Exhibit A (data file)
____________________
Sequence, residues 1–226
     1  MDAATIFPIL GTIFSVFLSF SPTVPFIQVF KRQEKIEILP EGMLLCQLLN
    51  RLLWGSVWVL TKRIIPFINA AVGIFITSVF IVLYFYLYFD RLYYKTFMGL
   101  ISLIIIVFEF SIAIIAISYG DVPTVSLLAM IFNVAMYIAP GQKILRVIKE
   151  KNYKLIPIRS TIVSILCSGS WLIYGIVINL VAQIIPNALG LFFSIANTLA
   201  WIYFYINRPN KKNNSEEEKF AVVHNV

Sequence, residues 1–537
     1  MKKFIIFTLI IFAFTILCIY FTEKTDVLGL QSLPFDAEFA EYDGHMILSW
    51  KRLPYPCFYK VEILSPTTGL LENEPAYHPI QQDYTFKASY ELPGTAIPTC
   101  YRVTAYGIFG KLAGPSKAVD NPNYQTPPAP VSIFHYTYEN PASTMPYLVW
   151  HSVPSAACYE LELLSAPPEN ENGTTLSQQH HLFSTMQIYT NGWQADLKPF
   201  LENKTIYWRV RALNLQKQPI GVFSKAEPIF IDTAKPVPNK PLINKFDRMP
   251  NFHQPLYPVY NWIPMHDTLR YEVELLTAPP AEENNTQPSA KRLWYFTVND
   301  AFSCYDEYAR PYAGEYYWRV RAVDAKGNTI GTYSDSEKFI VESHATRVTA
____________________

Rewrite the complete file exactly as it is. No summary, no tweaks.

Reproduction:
Sequence, residues 1–226
     1  MDAATIFPIL GTIFSVFLSF SPTVPFIQVF KRQEKIEILP EGMLLCQLLN
    51  RLLWGSVWVL TKRIIPFINA AVGIFITSVF IVLYFYLYFD RLYYKTFMGL
   101  ISLIIIVFEF SIAIIAISYG DVPTVSLLAM IFNVAMYIAP GQKILRVIKE
   151  KNYKLIPIRS TIVSILCSGS WLIYGIVINL VAQIIPNALG LFFSIANTLA
   201  WIYFYINRPN KKNNSEEEKF AVVHNV

Sequence, residues 1–537
     1  MKKFIIFTLI IFAFTILCIY FTEKTDVLGL QSLPFDAEFA EYDGHMILSW
    51  KRLPYPCFYK VEILSPTTGL LENEPAYHPI QQDYTFKASY ELPGTAIPTC
   101  YRVTAYGIFG KLAGPSKAVD NPNYQTPPAP VSIFHYTYEN PASTMPYLVW
   151  HSVPSAACYE LELLSAPPEN ENGTTLSQQH HLFSTMQIYT NGWQADLKPF
   201  LENKTIYWRV RALNLQKQPI GVFSKAEPIF IDTAKPVPNK PLINKFDRMP
   251  NFHQPLYPVY NWIPMHDTLR YEVELLTAPP AEENNTQPSA KRLWYFTVND
   301  AFSCYDEYAR PYAGEYYWRV RAVDAKGNTI GTYSDSEKFI VESHATRVTA